by Kristen Minogue and Heather Dewar
SERC ecologist Kyle Cavanaugh explores a field of white mangroves. (SERC)
As mangrove trees lose ground to deforestation and urban sprawl, one development seems to be giving them a boost: climate change. Fewer winter cold snaps have empowered them to conquer new territory around their northern Florida boundary, according to a study of 28 years of satellite data from the Smithsonian Environmental Research Center and the University of Maryland.
An estimated 35 percent of the world’s mangroves have been destroyed since 1980, according to previous research, outstripping tropical rainforests and coral reefs. They are also some of the planet’s most valuable ecosystems. Mangroves protect coastal cities from floods and hurricanes. Their above-ground roots shelter many commercially valuable fisheries, including blue crabs, shrimp and lobsters. And they are phenomenal at burying carbon. The soils of coastal ecosystems like mangroves can store carbon at a rate 50 times higher than tropical rainforests. Scientists have estimated their total ecosystem services value more than $1.6 trillion a year—making the expansion a possible blessing.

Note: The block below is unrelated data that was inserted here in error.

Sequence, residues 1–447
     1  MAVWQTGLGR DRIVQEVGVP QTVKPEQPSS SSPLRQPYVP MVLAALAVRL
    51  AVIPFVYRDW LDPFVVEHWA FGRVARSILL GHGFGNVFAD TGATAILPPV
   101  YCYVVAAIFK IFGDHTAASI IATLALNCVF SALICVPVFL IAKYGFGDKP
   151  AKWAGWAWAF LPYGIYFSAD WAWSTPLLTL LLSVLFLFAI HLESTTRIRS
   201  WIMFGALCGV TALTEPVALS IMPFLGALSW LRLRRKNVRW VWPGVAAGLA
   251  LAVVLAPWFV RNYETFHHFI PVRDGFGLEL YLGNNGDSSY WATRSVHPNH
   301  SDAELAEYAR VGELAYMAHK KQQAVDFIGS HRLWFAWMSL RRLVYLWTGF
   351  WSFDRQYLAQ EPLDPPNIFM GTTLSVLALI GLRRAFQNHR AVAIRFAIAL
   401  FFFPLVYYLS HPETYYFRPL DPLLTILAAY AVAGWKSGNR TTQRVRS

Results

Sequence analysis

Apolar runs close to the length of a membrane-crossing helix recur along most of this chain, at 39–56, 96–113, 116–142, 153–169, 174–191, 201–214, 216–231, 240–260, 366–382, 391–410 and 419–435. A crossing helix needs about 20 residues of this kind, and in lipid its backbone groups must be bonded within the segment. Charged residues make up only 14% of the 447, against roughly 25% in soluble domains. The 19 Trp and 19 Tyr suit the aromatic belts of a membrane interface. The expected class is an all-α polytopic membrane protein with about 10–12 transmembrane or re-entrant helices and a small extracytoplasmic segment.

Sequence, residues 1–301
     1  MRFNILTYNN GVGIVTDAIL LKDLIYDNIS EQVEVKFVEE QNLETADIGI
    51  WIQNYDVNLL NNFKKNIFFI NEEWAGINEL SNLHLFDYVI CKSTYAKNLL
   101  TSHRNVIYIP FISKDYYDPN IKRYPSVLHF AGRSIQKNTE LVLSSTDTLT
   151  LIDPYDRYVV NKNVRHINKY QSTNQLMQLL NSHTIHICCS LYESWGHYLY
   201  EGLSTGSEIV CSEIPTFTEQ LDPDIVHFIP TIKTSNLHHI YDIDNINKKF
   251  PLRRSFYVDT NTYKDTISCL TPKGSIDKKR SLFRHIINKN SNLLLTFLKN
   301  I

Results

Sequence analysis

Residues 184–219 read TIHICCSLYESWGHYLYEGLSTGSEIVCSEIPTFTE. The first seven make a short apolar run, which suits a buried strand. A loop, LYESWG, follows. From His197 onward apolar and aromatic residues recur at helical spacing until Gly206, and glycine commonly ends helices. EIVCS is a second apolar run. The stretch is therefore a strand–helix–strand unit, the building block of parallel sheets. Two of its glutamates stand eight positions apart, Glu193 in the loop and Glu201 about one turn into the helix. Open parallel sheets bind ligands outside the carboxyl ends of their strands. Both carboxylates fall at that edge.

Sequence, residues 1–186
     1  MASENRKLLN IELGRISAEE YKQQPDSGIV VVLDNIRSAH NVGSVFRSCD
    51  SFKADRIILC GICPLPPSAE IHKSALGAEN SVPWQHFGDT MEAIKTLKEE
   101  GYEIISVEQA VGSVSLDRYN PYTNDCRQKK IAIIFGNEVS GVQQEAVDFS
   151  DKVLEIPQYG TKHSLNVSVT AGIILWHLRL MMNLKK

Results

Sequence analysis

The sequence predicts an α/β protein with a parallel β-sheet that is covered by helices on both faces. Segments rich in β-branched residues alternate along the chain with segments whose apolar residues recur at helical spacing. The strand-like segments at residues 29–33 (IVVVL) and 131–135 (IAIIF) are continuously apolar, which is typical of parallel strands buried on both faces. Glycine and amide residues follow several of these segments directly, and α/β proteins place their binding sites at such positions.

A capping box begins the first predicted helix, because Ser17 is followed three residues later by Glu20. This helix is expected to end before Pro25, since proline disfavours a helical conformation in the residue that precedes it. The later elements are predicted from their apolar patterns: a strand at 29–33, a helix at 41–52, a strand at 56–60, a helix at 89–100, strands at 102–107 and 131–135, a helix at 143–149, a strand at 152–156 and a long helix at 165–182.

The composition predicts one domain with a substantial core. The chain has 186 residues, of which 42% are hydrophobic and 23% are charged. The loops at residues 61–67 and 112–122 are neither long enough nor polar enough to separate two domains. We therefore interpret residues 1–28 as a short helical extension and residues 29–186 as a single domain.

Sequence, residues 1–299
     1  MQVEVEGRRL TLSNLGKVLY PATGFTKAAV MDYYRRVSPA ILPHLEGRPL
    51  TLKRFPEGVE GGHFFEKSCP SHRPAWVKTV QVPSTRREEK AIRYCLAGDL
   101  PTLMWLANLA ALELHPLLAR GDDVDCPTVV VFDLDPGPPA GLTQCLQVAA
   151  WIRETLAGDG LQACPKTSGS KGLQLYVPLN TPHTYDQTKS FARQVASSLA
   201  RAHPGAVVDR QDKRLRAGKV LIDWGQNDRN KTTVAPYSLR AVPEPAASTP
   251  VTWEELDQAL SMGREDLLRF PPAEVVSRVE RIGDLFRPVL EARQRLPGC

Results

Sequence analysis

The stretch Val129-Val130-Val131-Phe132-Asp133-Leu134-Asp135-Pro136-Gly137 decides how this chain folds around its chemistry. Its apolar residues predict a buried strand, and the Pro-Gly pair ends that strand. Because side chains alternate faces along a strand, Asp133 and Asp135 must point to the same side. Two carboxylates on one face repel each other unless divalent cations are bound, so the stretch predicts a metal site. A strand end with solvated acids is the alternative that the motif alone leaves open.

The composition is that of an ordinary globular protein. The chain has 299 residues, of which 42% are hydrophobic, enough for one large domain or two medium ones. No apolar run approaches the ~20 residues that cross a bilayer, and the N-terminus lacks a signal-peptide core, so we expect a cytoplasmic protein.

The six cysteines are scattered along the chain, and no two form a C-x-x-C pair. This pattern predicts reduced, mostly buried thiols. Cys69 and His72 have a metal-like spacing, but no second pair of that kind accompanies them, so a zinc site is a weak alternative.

“Some people may say this is a good thing, because of the tremendous threats that mangroves face,” said the study’s lead author, Kyle Cavanaugh, a postdoctoral research fellow at the Smithsonian Environmental Research Center in Edgewater, Md. “But this is not taking place in a vacuum. The mangroves are replacing salt marshes, which have important ecosystem functions and food webs of their own.”
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